The U.S. Supreme Court on Tuesday rejected Alabama officials’ latest attempt to submit a Congressional map with only one majority-Black district.
It’s the second defeat in three months for the Republican-led state officials, who asked the Justices earlier this month to step in again and let it keep its latest redrawn Congressional lines after a lower court tossed it.
And that lower court ruled after Alabama had already lost once in the Supreme Court. In a 5-4 ruling in June, the Justices struck down a previous version of the state’s Congressional map, with Chief Justice John Roberts and Justice Brett Kavanaugh, both conservatives, joining the Court’s three liberal Justices in the majority.
Afterward, the state redrew its map without including the two court-required majority Black voter Congressional districts. The new map was struck down by a three-judge panel on the U.S. District Court of Northern Alabama on September 5.
In their court order the Alabama judges stated that they were “deeply troubled that the State enacted a map that the State readily admits does not provide the remedy we said federal law requires.”
Even though more than one-fourth of the state’s population is Black, the way the district lines were drawn, minority voters would only have a realistic chance of electing the candidate of their choice in one of Alabama’s seven Congressional districts. The Supreme Court in June had sided with the district court’s earlier ruling that said Alabama should have created two compact Congressional districts with a majority or close to a majority of Black voters, not one.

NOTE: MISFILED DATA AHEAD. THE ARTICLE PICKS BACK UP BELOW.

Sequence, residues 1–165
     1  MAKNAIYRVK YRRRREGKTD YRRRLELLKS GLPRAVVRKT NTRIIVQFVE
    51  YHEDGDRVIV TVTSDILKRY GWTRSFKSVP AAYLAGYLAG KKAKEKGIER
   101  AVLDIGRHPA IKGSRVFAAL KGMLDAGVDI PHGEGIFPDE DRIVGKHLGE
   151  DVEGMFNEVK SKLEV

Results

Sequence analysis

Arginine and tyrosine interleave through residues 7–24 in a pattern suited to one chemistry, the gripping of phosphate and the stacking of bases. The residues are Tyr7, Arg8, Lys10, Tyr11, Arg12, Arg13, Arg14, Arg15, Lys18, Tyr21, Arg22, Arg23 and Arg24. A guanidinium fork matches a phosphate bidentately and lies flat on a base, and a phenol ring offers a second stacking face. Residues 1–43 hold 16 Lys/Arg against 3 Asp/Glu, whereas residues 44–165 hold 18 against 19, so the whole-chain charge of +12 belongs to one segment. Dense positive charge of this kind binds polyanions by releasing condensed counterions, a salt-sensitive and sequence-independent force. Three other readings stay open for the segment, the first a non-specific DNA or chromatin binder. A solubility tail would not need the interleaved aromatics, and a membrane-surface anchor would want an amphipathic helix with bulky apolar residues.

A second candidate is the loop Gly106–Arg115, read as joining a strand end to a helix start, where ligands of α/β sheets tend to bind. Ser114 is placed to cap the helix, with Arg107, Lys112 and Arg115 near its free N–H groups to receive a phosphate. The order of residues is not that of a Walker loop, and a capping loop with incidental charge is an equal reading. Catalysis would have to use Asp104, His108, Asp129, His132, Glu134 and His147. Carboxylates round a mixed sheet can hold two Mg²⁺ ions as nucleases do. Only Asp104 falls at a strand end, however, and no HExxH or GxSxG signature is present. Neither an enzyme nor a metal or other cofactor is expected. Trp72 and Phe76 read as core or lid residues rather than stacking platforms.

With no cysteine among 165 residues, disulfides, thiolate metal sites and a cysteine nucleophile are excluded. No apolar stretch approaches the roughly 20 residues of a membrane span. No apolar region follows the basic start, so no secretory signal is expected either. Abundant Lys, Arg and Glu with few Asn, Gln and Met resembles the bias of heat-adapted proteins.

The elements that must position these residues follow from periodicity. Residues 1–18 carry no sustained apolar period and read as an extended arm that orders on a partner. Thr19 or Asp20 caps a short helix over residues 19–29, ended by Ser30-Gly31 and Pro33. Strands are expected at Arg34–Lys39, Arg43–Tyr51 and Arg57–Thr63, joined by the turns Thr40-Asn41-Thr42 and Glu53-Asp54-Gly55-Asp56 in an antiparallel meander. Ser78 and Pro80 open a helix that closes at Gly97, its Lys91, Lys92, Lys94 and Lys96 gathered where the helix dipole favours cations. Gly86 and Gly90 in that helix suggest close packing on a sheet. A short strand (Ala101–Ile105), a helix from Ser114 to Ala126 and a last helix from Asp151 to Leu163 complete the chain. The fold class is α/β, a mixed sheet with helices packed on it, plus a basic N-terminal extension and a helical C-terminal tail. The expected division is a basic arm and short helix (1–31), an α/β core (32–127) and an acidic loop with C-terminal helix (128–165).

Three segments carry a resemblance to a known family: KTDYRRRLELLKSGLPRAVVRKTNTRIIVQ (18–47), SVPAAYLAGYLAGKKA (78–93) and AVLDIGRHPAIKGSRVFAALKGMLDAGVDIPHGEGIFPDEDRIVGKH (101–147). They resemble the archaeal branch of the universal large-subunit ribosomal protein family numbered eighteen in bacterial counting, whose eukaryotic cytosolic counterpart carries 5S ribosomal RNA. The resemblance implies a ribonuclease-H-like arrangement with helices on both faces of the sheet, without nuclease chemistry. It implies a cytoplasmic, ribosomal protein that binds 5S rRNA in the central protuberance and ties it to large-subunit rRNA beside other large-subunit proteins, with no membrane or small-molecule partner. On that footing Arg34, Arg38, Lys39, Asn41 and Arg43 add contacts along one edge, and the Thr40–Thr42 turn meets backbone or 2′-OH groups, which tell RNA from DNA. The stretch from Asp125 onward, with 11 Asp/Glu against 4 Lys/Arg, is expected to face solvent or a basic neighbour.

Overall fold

On Tuesday, the Supreme Court in two related applications refused emergency requests from Republican state officials to block the lower court rulings.
The Alabama district court judges in their September 5 order assigned court-appointed experts to draw three different proposed maps, all of which will include two districts where Black voters have a realistic opportunity to elect their preferred candidates. The proposed maps were to be submitted to the court by this past Monday, and a hearing on arguments for and against the proposals will take place October 3.
Alabama is facing a looming deadline ahead of next year’s elections. The state’s Secretary of State Wes Allen (R) has told the district judges that finalizing a redistricting plan by October 1 “would provide enough time to reassign voters, print and distribute ballots, and otherwise conduct the forthcoming 2024 primary elections based on the new map.”
Meanwhile, a court trial about the map Alabama wants to use for its 2026 elections is still looming.